What does Yarning mean?
Yarning involves respectful active listening and learning to create an ongoing culture of reflection, from the co-definition of priorities to formalising mechanisms for, and responding to, feedback.
Yarning requires open dialog where the facilitator is an active participant. To receive information, the facilitator is expected to share information as an equal participant and partner in the Yarning process.
Proper and effective Yarning requires a Relationship and an understanding of Place. It also includes communicating the outcomes of decisions or processes if communities are invited to participate.
It may be that a good Yarn takes time. It requires consideration of time and may mean that evaluators need to return. Ensuring space and time for Yarning requires the support and views of Aboriginal people locally.
What are some practical examples I can use to embed this Guiding Principle?
Practical application of this Framework will look and feel different across the many contexts and environments of the NSW public education space. Everyone is encouraged to embrace the Framework and determine what the Guiding Principles mean for the work we do.
- Create and use safe Places for Yarning. This could be within a school or office or organising meetings at external locations. For example, provide a Yarning Circle at your school and have meetings with Aboriginal families there, or go down to the local footy on the weekend and talk to the families that engage with your school in a neutral space. Yarning in safe Places helps to build trust and authentic Relationships. It may also be appropriate to ask a local trusted Aboriginal organisation if they are able to provide a space for Yarning.
- There is no one size fits all approach. Understanding nuance and context is important when you are Yarning with Aboriginal people, their families and communities. Yarning is a living conversation, requiring active listening, learning and genuine responses.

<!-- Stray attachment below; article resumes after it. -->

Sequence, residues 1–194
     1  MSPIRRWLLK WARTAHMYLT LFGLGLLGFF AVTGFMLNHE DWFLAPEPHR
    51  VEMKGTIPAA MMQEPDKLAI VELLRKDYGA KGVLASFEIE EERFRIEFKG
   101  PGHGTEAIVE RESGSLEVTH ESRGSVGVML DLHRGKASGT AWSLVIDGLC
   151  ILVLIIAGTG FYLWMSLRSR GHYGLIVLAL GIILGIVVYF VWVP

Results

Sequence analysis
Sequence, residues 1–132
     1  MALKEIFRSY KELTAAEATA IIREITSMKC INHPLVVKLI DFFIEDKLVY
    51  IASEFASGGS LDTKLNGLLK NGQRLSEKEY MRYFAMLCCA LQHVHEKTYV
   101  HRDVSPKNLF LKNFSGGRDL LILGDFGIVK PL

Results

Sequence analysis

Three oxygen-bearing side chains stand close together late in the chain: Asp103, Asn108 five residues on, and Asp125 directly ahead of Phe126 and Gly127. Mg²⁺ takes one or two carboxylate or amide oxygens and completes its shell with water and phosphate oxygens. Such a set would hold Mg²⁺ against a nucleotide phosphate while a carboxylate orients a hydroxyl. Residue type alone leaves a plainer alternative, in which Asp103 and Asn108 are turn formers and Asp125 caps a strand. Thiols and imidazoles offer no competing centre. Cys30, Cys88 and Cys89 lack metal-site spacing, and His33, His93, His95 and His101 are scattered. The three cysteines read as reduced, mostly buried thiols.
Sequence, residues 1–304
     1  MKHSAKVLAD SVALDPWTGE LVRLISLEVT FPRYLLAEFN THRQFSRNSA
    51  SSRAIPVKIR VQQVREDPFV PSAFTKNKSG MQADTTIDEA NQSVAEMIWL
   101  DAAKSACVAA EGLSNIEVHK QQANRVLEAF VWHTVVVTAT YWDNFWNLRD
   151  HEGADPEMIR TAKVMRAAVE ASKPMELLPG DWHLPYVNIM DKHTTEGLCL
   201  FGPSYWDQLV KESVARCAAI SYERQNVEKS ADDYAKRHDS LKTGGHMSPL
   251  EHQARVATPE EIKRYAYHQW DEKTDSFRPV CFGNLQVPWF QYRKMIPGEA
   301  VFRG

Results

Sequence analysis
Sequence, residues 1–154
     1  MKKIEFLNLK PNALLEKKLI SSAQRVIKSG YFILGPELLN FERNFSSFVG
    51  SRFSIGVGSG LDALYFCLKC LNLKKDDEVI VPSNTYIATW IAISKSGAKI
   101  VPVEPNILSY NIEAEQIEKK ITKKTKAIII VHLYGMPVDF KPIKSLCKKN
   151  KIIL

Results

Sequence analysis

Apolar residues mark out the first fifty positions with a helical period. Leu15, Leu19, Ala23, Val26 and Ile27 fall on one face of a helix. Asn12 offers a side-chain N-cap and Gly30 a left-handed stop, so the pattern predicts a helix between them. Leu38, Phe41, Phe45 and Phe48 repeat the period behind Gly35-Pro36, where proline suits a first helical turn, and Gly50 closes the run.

- Plan to Yarn. Yarning in evaluation leads to genuine listening and sharing of information, including creating a safer space for respectful, open and honest information sharing. Yarning creates a cultural space for genuine engagement with people, leading to a better experience for all stakeholders. Yarning takes time and the trust needed for open and honest sharing might need to build over several Yarns. Plan plenty of time to Yarn into your evaluation plan.
Why is Yarning important?
Sheena Coe, Parent, Bellambi Public School, shares her thoughts on the value of Yarning.
James Ballangarry, Postgraduate Student and Associate Lecturer, Wollotuka Institute, University of Newcastle, talks about the opportunities Yarning gives for building Relationships and shared understanding.
Andrew Griffiths, Principal Evaluator, Evaluation and Effectiveness Unit, highlights the value of Yarning in evaluation.
Owen Dalkeith, Principal, Brooke Avenue Public School, talks about how Yarning helps to build strong Relationships with families and benefits students.
Want to know more? Share your feedback through the QR code so the Aboriginal Outcomes and Partnerships Directorate Team can ensure that we are building the resources you need to be culturally responsive in evaluation and school planning.
If you would like a presentation for your Directorate, please contact email@example.com